1760
ENGLISH POETRY 1579-1830: SPENSER AND THE TRADITION

A Pastoral Ballad. In the Manner of Shenstone.

A Collection of Original Poems. By the Rev. Mr. Blacklock, and other Scotch Gentlemen.

Andrew Erskine


Seven double-quatrain stanzas, after William Shenstone's Pastoral Ballad. This is one of a group of poems in Donaldson's Collection signed "A. E.," for Andrew Erskine. His Pastoral Ballad, the complaint of a jilted lover, has an edge to it more common in Erskine's poetry than in the series of poems imitating Shenstone: "Now I see that Unfaithfulness reigns, | That a fond constant nymph is a dream; | Deceit is found roving the plains, | And winding along ev'ry stream." The "Song" that follows next in the volume is in the same anapestic measure.

James Boswell to Andrew Erskine: "Donaldson is undoubtedly a gentleman perfectly skilled in the art of insinuation. His dinners are the most eloquent addresses imaginable. For my own part, I am never a sharer in one of his copious repasts, but I feel my heart warm to the landlord, and spontaneously conceive this expressive soliloquy, — Upon my word I must give him another hundred lines" 2 December 1761; in Letters between the Honourable Andrew Erskine, and James Boswell, Esq. (1763) 29.



How could you deceive me, my fair?
How tell me you openness lov'd?
How persuade me my sad pensive air
Was by you not disdain'd, but approv'd?
And yet the delusion had pow'r
For to charm my whole senses away;
I gaz'd on you hour after hour,
And to please fram'd the rude rural lay.

While my soul as all melted in love,
While each nerve and each pulse wildly beat,
You a passion as strong seem'd to move;
Who e'er could have dream'd 'twas deceit?
When I fault'ring attempted to speak,
My confusion was cur'd with a smile,
You strove my fond silence to break;
Yet this was all meant to beguile.

How oft have we carelessly stray'd,
While the moon feebly lighted the vale,
And under the soft amorous shade,
Prolong'd the soft amorous tale?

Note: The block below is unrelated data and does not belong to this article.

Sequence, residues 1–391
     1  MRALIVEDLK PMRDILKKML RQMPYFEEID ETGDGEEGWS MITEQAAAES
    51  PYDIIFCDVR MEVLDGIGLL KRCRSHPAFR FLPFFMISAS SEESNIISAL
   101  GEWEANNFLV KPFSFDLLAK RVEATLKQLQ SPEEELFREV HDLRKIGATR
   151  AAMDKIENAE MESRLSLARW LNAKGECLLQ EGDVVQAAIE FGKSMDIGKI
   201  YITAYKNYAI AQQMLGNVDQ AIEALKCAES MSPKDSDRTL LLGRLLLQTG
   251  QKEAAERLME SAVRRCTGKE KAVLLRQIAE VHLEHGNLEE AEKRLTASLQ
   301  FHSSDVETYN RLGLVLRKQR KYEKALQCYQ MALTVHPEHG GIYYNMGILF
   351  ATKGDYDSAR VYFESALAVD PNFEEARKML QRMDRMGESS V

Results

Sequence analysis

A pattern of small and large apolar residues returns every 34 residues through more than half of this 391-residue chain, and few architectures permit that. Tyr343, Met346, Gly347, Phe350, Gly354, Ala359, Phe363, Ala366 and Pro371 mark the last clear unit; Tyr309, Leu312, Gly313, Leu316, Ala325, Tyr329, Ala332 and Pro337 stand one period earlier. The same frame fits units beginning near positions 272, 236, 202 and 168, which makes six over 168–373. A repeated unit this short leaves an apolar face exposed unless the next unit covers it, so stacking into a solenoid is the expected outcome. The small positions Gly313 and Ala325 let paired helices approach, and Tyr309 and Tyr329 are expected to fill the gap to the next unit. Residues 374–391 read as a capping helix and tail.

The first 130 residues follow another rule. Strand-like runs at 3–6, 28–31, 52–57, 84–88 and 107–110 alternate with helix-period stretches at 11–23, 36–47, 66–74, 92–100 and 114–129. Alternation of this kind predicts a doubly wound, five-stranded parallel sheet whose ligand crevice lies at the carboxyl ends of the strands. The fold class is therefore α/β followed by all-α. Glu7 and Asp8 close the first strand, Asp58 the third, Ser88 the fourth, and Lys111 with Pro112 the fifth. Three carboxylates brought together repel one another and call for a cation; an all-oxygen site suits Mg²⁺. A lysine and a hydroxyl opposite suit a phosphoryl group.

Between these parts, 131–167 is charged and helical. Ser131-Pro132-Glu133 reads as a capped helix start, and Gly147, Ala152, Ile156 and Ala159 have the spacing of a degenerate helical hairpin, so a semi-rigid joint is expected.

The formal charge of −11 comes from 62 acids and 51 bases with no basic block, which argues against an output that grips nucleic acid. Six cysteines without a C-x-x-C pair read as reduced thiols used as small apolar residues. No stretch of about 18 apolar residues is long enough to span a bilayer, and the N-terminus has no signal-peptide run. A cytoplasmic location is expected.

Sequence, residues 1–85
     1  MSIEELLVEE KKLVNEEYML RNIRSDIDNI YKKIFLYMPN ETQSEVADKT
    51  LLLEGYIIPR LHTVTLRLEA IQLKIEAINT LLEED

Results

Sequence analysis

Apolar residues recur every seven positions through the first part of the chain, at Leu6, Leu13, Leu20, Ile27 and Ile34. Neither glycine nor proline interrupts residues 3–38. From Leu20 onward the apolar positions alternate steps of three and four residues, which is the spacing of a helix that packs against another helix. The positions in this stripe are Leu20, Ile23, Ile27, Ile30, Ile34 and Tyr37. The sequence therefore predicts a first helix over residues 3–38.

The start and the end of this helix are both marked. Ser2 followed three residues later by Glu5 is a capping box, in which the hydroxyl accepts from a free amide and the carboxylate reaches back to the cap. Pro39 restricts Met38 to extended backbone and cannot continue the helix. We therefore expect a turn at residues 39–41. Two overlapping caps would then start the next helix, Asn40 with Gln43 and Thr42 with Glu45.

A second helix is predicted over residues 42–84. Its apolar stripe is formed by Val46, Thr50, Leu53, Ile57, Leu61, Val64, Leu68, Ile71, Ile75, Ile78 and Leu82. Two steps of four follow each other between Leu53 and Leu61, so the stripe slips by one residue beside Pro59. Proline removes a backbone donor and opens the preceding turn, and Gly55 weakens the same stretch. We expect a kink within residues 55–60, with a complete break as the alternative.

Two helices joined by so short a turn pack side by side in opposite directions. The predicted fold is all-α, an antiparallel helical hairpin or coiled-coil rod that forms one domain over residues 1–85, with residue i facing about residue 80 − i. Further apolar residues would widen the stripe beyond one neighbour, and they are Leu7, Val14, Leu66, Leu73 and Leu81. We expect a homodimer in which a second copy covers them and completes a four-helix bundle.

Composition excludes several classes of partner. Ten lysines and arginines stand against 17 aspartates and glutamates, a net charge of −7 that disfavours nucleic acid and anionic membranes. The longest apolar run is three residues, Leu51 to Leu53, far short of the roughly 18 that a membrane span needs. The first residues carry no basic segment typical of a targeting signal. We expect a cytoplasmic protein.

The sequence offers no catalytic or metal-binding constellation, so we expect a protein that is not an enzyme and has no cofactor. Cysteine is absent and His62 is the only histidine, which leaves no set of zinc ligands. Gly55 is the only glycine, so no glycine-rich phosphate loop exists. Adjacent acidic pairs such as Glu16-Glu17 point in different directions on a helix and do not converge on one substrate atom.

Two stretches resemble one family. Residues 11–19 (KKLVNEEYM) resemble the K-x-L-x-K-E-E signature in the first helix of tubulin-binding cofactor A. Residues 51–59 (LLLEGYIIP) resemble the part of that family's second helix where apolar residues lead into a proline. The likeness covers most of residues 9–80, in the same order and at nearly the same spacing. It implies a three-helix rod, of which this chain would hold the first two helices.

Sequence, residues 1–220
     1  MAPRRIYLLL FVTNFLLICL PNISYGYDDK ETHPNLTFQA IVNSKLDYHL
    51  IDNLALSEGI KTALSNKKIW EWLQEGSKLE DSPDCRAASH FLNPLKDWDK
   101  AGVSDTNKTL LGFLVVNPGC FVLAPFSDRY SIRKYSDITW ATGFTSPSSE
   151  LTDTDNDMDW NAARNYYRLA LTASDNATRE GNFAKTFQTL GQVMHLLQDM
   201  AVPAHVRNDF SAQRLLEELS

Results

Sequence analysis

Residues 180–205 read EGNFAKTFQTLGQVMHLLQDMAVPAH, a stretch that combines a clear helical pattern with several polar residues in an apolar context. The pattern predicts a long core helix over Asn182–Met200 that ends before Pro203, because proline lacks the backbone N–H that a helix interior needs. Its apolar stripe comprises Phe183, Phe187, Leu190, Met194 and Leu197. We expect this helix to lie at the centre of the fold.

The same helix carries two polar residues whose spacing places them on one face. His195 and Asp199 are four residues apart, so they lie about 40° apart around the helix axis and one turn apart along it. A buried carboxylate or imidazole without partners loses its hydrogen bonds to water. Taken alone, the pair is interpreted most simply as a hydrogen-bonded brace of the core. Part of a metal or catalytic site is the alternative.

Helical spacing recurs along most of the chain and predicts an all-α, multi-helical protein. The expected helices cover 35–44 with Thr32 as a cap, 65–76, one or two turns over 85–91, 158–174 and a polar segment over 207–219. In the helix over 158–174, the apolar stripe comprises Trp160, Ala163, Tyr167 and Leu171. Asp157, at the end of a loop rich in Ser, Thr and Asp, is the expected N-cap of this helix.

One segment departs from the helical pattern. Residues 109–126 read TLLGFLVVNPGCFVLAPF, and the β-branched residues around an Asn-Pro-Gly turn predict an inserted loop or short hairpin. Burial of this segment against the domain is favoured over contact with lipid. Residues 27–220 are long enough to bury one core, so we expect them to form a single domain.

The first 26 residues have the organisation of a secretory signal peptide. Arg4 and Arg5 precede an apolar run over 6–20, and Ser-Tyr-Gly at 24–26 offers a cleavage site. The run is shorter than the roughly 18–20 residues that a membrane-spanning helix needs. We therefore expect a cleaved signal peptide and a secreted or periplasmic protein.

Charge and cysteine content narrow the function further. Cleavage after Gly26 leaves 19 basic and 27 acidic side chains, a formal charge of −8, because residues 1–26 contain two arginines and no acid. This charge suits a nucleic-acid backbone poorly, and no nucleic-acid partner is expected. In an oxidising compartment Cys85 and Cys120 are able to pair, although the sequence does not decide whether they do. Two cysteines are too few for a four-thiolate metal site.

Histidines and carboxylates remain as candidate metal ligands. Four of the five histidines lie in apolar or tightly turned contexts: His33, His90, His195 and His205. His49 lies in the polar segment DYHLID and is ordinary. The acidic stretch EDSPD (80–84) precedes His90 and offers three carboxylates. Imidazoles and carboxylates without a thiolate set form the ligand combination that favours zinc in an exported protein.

Then the wind could not shake the light leaf,
Nor the river roll loudly along,
Nor the nightingale breathe out her grief,
But you fearfully clasp'd me more strong.

Those days are still fresh in my view,
When I search'd where the violet blows,
And tore from the spot where it grew,
The briar, or wild-spreading rose:
You was pleas'd with the trifles I cull'd,
And urg'd to repeat the fond task,
And still, though I frequently pull'd,
You, frequent delighted, would ask.

Now far other transports are mine,
Far other employments I find;
No more I your garland entwine,
You oft have refus'd it, unkind:
Each moment I pour forth my fears,
Tales of wo to the woods I impart,
Which, though oft interrupted by tears,
Ye mournfully sooth my sad heart.

Now I see that Unfaithfulness reigns,
That a fond constant nymph is a dream;
Deceit is found roving the plains,
And winding along ev'ry stream:
Of the change, ah, ye shepherds, beware,
Nor trust the allurements of art;
Believe not the false smiling air,
Since the tongue's not allied to the heart!

Farewell to the flocks I have fed!
Farewell to the flow'rs I have rear'd!
Farewell to the sweet-breathing mead,
Where so often with you I've appear'd!
I fly, yet I love you, my fair;
Perhaps you'll repent when I'm gone;
My bosom shall nourish despair,
And I'll sigh that all pleasure is flown.

[pp. 92-94]